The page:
The Anti-Male Commercial


The above is but one example of a very common motif of TV commercial that’ll surely be familiar to you. It comes in many variations, but the premise is simple: the dumb, clueless, inept guy (often a father) bumbles his way through life, while an in-charge, competent, and disappointed girl (often a wife, daughter, or girlfriend) looks on in disbelief. The men are man-child imbeciles who can’t fend for themselves, even in the most elementary of human functions.

In the early 2000s, Carl’s Jr. (Hardee’s) ran a whole campaign predicated on this ineptitude of men. “Without us, some guys would starve” was its tagline, which was voiced-over a multiplicity of bone-head guy scenarios. In one especially blatant spot, a guy is trying to make guacamole. For the whole 30 seconds of the commercial, he blankly stares at two avocado halves rumble around, un-broken, with the seed, in a blender cup. Needless to say, he doesn’t know what’s he doing.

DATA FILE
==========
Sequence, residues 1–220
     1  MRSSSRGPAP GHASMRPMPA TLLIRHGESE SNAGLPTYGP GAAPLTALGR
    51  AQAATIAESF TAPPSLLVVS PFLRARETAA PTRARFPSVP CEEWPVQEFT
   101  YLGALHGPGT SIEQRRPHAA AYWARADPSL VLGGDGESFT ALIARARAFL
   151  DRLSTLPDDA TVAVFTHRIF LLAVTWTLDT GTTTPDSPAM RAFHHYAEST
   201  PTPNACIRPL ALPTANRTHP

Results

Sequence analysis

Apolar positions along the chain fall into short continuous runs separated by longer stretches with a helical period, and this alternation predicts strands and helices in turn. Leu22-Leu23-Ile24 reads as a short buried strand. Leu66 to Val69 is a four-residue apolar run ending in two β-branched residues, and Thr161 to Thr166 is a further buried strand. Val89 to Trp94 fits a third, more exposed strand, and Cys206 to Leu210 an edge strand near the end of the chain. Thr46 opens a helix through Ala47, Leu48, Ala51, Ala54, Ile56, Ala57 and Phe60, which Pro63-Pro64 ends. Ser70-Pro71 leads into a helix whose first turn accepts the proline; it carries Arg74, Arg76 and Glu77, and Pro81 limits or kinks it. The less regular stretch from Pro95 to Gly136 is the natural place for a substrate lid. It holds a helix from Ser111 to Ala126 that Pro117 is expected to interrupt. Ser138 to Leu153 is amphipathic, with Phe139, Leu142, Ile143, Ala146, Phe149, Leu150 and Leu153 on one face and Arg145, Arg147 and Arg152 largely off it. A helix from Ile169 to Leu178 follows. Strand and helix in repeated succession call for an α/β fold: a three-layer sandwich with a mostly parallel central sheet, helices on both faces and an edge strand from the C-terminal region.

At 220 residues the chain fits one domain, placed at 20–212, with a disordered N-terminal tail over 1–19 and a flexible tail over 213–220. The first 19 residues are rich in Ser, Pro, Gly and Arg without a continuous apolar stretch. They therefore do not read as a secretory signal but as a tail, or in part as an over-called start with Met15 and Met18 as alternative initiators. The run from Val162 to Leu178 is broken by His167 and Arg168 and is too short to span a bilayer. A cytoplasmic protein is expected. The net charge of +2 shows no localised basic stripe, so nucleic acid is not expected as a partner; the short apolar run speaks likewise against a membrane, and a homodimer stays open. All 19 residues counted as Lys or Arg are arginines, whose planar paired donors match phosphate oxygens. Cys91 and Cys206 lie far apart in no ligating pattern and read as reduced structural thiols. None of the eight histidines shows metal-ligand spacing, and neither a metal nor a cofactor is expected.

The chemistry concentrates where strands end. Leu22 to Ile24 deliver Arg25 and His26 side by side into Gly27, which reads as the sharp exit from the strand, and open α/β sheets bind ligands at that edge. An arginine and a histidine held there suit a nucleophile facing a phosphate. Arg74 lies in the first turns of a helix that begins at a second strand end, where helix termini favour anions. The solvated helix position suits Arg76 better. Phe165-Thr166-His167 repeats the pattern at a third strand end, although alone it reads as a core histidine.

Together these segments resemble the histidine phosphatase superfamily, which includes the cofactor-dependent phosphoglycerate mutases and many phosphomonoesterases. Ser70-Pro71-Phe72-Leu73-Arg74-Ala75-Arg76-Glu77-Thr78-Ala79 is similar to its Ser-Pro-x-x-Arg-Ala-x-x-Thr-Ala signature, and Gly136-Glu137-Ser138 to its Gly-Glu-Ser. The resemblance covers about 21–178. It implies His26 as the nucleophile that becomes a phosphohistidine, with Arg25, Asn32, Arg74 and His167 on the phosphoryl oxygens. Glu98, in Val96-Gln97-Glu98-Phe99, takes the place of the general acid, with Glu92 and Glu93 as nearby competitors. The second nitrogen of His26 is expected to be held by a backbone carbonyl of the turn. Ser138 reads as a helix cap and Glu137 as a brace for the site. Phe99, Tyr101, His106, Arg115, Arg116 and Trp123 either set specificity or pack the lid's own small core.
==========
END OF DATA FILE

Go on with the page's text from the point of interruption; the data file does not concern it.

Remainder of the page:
A common variation on this theme depicts the woman performing traditionally masculine functions. The man—usually a weak, timid specimen—is bossed around and obediently obliges.


These commercials, though ubiquitous in their own right, are part of an even larger theme visible in movies and television. Watch any Judd Apatow film and you’ll quickly recognize men—of all races, ages, and stations—being raked across the coals whenever possible. Dogging on men, in short, has become a “safe” joke. Kicking a ball into a guy’s nuts, or depicting him as a clueless moron, offends no one.

This, I’d argue, is part of a bigger cultural emasculation of men–one that’s driven by the feminist imperative to erode male usefulness. Ask yourself a question: would putting a woman in the man’s position in these commercials raise a firestorm of feminist complaints and spark calls for its removal?

Read More: The Myth of Never Hitting a Woman

About the Author

is a Columnist-at-Large at Return of Kings. His work has been covered by major media outlets such as The Huffington Post, Cosmopolitan, Vice Magazine, The Daily Mail, and Yahoo Shine. He's also been profiled by BuzzFeed and The New Statesman. You can follow him on Twitter.


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